rrose at exabyte.com 
> -----Original Message----- 
> From: Paul.A.Suhler at certance.com [mailto:Paul.A.Suhler at certance.com] 
> Sent: Wednesday, September 24, 2003 5:06 PM 
> To: t10 at t10.org; t11_3 at mail.t11.org 
> Subject: [T11.3] FCP-3 Work Item #4 
> 
> 
> INCITS T11.3 Mail Reflector 
> ******************************** 
> 
> Hi, Horst & Bob. 
> 
> Thanks for the input. 
> 
> The problem that I still have to solve is that for a write 
> with FCP_DL too 
> small, we absolutely cannot write to the medium less data than the CDB 
> specifies and then return GOOD status.  I would never trust 
> the HBA driver 
> to see the underrun indication and report a failure to the 
> application so 
> that it would be aware of the partial write. 
> 
> As a variant on #2, what would you say to the following?  The 
> target could 
> move FCP_DL bytes, discard it all, and then report CHECK 
> CONDITION.  It's 
> certainly inefficient, but that wouldn't matter because we're 
> dealing with 
> a broken driver, a rare occurrence as you point out. 
> 
> Would any of the other tapeheads care to wade in on this? 
> 
> Thanks, 
> 
> Paul Suhler 
> Certance 
> 
> 
> 
>                                                               
>                                                               
>            
>                       Robert Snively                          
>                                                               
>            
>                       <rsnively at brocade        To:       
> "'Paul.A.Suhler at certance.com'" <Paul.A.Suhler at certance.com>, 
> t10 at t10.org,     
>                       .com>                     
> t11_3 at mail.t11.org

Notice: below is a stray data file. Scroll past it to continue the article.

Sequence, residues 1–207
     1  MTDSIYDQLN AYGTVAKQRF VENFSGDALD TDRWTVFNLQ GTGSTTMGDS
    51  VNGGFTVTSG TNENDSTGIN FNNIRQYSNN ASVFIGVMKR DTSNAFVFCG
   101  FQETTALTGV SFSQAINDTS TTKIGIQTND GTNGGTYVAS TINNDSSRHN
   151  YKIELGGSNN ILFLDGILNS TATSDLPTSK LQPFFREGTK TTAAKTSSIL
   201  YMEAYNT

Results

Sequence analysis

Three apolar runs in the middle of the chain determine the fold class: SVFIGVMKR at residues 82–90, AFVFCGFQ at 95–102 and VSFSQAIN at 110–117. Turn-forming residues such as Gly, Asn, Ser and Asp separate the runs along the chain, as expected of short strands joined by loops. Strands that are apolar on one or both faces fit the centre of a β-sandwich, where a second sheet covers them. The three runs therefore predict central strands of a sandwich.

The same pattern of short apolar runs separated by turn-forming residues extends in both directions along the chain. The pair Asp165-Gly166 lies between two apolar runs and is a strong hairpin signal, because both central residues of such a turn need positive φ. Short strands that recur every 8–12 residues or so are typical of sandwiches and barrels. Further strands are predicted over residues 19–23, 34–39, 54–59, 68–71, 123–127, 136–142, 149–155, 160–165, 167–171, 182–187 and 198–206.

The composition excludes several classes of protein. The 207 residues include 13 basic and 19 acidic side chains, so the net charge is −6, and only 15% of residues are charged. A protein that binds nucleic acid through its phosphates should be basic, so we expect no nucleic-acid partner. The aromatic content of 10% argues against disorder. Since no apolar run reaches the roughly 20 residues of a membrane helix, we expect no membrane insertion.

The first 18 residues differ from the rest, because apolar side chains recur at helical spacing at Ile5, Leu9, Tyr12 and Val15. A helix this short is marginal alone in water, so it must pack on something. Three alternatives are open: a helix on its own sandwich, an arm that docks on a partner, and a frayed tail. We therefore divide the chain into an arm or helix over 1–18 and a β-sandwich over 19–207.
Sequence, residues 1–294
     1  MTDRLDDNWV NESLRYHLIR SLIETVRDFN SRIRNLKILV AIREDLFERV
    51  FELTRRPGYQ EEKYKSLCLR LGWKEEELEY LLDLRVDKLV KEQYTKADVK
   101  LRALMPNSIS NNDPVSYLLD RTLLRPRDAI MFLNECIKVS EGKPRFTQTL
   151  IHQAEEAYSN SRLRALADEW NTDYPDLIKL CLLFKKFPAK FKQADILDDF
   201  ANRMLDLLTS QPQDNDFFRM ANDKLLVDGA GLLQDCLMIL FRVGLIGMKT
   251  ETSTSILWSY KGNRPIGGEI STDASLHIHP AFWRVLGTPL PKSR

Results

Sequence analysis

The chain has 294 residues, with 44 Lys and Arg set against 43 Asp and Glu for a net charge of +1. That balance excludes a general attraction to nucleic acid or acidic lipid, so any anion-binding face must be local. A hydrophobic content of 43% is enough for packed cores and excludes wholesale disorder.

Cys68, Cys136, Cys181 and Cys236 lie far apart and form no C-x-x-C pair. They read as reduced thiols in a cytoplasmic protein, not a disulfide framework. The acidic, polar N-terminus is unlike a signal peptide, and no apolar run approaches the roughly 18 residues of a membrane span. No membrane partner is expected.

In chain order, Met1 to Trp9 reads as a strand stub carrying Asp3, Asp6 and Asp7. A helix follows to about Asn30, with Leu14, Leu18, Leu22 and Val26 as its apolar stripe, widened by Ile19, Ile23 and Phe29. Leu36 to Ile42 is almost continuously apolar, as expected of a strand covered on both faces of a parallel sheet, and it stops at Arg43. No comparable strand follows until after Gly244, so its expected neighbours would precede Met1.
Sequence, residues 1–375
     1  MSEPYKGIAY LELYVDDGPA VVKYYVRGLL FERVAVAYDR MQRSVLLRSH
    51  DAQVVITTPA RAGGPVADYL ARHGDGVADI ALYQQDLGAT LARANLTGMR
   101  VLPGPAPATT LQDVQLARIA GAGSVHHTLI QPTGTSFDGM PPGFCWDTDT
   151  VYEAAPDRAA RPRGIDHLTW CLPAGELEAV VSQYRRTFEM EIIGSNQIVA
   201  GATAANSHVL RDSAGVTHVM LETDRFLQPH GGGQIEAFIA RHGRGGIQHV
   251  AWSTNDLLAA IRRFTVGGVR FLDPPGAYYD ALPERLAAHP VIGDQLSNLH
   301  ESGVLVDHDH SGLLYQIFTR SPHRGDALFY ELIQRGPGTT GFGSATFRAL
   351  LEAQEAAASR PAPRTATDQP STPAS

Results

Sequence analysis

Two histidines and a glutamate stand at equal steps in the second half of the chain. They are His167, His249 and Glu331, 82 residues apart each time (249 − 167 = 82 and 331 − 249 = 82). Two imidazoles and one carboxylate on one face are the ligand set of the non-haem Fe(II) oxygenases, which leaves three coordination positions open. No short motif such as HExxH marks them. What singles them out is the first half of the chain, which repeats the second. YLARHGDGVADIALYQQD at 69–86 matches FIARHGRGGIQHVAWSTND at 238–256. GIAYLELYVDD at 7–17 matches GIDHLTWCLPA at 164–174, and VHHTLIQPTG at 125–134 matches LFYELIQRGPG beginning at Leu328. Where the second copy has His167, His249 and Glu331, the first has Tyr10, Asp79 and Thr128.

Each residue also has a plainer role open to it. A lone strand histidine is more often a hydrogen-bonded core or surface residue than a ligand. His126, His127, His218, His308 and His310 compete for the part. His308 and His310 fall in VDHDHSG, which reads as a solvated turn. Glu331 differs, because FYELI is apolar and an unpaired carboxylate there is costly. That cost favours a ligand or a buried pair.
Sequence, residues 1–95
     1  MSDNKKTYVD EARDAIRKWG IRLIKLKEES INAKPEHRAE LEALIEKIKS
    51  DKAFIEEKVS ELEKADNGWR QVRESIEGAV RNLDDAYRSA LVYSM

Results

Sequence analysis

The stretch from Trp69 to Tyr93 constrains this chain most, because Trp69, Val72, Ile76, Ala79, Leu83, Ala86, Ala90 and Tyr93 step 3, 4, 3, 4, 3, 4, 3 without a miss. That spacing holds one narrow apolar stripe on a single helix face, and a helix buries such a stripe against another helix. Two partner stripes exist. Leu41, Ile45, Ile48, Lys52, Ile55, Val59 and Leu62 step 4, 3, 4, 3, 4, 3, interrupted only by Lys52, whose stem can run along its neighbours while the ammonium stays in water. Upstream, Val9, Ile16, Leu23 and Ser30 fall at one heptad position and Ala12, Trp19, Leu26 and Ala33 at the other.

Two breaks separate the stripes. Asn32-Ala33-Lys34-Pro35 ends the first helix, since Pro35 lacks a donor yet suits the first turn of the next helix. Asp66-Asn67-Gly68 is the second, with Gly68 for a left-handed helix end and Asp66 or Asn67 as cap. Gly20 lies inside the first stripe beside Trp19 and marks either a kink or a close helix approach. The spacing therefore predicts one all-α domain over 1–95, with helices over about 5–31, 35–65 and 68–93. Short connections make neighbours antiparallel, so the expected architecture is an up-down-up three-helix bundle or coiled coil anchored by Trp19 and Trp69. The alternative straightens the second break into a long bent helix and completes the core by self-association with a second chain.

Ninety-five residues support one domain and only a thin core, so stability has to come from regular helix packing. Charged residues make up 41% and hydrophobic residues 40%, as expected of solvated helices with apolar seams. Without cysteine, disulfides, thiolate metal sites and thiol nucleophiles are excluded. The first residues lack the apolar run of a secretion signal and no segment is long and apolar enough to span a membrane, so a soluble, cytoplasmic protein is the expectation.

>                          
>                       Sent by:                 cc:            
>                                                               
>            
>                       owner-t10 at t10.org        Subject:  RE: 
> [T11.3] FCP-3 Work Item #4                                    
>             
>                                                               
>                                                               
>            
>                                                               
>                                                               
>            
>                       09/24/2003 01:56                        
>                                                               
>            
>                       PM                                      
>                                                               
>            
>                                                               
>                                                               
>            
>                                                               
>                                                               
>            
> 
> 
> 
> 
> Paul, 
> 
> 
> Horst is right. 
> 
> 
> The proper view of this is that the FC-4 layer protocol 
> defined by FCP has FC components that define the permitted 
> Fibre Channel and application behavior and SAM compliant 
> components that define the permitted SCSI behavior. 
> 
> 
> Buffer allocations can routinely be made with incomplete 
> knowledge of the expected SCSI data length, and it is these 
> buffer allocations that must protect themselves and warn of their 
> violation.  FCP_DL is the Fibre Channel mechanism for that. 
> 
> 
> In the tape write case you describe, the buffer length is the SCSI 
> data length, and FCP_DL will always exactly equal the data to 
> be transferred.  However, this is not a general behavior. 
> Reads are the most dangerous, since they may transmit data 
> into other buffers as the Data Buffer Pointer increments 
> beyond the expected limits. 
> 
>